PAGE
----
Ever felt like you’re constantly needing to prove yourself? Like an imposter at the front of your own classroom? You’re not alone. Through self-discovery and navigating the pressures of representation I have found solidarity and hope in a changing educational landscape.

Do you ever feel like there’s a little person at the back of your head, sipping on a drink and doubting every move you make? That constant need to prove yourself — is it familiar? I’ve been an educator for 14 years — 12 in the classroom and two as a Divisional Teacher Team Leader focusing on anti-racism initiatives. Throughout these years, those feelings have lingered. I used to think maybe everyone felt this way but just didn’t talk about it. Maya Angelou’s quote, “Forgive yourself for not knowing what you didn’t know before you learned it,” often comes to mind. I wish I had known that others shared these feelings.

As a racialized educator, I identify as a Black, Able-Bodied person. My family has roots from the island of St. Vincent in the Caribbean. In the spirit of Truth and Reconciliation, I acknowledge the harms and mistakes of the past, and my commitment is to engage in the Indigenous culture to understand their injustices and see the parallels they have with the Black community.

Racialized educators carry extra pressures leading to self-doubt. Walking into a room and not seeing many people of colour can trigger questions like, “Do I belong here?” or “Why am I here?”

First Racialized Person in a Space

Another pressure arises when you’re the first racialized person in your space or when you’re expected to carry the burden of discussing certain topics because of your background. The fear of being seen as a diversity hire, merely a token representation, also weighs heavily on the mind.

One significant source of self-doubt for me was questioning whether I was a diversity hire. It wasn’t until later that I realized others shared the same thoughts. Despite being Black, I failed to recognize diversity among my racialized colleagues. Instead, I joked about being the token hire, reminiscing about my school days where racial diversity was scarce.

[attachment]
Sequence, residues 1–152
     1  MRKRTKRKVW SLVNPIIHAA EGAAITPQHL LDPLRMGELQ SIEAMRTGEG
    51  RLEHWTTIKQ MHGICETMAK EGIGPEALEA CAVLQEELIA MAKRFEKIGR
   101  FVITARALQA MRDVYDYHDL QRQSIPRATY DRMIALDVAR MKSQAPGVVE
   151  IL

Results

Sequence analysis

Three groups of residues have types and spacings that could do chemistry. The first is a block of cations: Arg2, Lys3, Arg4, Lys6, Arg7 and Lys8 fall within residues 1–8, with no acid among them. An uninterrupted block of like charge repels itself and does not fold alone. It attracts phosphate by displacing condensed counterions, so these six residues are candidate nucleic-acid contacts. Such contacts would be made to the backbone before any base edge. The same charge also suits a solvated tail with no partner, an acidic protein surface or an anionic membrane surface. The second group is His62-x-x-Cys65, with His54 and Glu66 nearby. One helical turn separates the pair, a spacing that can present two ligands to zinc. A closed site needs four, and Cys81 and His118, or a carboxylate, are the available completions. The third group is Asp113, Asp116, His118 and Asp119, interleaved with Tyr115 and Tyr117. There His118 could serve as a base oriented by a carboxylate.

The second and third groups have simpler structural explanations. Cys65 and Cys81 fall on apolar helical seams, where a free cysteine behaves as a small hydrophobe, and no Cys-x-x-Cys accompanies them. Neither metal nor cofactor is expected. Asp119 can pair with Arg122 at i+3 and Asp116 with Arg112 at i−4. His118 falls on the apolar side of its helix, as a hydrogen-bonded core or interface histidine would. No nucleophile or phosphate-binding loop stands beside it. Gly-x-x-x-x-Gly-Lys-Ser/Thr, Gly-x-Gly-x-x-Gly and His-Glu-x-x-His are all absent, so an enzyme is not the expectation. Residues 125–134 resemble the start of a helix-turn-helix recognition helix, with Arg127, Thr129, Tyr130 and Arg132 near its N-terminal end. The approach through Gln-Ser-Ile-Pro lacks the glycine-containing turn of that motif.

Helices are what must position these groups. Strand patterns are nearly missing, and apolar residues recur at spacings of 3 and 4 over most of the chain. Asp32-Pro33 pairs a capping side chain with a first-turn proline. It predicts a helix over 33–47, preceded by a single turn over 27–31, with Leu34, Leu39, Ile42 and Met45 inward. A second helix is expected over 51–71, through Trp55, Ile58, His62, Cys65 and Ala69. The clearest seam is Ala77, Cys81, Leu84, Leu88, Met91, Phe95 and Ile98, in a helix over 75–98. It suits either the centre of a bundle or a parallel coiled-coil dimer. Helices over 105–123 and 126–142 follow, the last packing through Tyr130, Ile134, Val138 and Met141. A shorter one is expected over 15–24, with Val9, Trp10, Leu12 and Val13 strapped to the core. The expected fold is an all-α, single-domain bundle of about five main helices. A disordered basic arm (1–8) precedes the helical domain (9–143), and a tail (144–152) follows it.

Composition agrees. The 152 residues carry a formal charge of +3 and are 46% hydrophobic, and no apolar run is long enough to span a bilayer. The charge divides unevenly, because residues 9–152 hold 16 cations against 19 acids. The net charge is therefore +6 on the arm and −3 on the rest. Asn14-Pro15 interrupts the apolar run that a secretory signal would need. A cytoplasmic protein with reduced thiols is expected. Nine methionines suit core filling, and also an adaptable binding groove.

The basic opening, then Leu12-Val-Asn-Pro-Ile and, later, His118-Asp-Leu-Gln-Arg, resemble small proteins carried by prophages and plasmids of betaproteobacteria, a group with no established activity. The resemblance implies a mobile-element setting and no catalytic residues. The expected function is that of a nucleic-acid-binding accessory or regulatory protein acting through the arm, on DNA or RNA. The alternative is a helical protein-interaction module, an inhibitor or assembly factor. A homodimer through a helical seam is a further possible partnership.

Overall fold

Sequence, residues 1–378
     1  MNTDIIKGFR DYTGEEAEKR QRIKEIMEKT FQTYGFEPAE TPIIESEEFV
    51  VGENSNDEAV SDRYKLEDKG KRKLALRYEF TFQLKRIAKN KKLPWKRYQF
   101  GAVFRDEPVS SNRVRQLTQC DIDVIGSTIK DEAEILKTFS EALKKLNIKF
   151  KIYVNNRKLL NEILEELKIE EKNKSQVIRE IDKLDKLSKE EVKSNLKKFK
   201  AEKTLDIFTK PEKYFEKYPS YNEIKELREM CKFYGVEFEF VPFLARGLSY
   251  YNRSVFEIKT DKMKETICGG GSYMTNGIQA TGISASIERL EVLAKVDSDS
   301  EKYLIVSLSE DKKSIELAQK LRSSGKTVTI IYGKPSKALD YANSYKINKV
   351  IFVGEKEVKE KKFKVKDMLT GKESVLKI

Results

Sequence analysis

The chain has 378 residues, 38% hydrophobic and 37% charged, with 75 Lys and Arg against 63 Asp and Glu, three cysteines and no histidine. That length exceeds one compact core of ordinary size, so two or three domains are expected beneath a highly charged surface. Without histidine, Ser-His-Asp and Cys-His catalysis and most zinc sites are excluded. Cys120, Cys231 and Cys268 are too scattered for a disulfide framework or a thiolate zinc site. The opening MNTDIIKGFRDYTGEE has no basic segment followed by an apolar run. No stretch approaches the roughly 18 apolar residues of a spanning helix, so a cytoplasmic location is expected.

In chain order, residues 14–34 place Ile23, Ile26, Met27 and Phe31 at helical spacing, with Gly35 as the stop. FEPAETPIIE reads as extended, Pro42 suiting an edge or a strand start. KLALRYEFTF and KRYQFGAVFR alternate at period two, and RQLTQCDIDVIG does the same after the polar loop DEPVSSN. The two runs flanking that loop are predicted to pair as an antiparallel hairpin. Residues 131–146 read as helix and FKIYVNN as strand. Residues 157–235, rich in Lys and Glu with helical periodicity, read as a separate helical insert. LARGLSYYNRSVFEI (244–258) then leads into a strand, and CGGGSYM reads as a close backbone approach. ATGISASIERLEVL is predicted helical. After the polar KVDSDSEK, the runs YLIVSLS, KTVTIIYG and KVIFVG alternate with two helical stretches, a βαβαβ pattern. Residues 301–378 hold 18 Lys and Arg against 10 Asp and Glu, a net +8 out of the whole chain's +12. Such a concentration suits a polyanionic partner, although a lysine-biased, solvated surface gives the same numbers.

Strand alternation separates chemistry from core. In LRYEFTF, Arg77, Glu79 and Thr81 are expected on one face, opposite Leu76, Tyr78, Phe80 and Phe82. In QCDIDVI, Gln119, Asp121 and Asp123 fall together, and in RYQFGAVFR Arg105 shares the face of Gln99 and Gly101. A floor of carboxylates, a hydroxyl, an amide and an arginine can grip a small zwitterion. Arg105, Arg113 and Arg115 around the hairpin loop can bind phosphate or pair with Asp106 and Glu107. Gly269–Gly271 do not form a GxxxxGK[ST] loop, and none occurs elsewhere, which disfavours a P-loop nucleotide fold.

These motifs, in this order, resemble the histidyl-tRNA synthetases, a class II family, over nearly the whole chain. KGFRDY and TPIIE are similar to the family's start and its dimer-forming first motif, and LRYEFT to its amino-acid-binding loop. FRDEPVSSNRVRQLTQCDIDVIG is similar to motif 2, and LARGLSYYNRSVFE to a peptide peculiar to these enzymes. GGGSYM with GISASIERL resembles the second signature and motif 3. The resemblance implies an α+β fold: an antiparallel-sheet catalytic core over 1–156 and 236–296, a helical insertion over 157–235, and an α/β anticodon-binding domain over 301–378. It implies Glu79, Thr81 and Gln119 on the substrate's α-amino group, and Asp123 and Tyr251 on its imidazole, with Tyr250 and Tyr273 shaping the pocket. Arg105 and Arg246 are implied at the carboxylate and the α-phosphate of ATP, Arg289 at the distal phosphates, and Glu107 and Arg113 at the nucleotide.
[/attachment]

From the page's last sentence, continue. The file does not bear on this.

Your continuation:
Exploring my Identity as a Black Man

It wasn’t until 2020, the year my daughter was born, and George Floyd was murdered, that I began to explore my identity as a Black man. I realized the importance of engaging with discussions about race and identity, as Maya Angelou aptly put, “Do the best you can until you know better. Then when you know better, do better.”
Within these doubts, I found support and belief from people who recognized my merits. For every doubter, there were two supporters pushing me forward. Being a racialized educator brings joy in offering unique perspectives and being authentically oneself in a changing world. Positive changes are happening, with more representation than ever before. It’s important to remember that you’re not alone—find your support system.

Stand with Those who Bring Different Perspectives

If you’re part of the racialized community, know that you’re where you are for a reason. And if you’re not, stand with those who bring different perspectives, ensuring everyone feels heard.

– Originally published in the Spring 2024 issue of the MB Teacher

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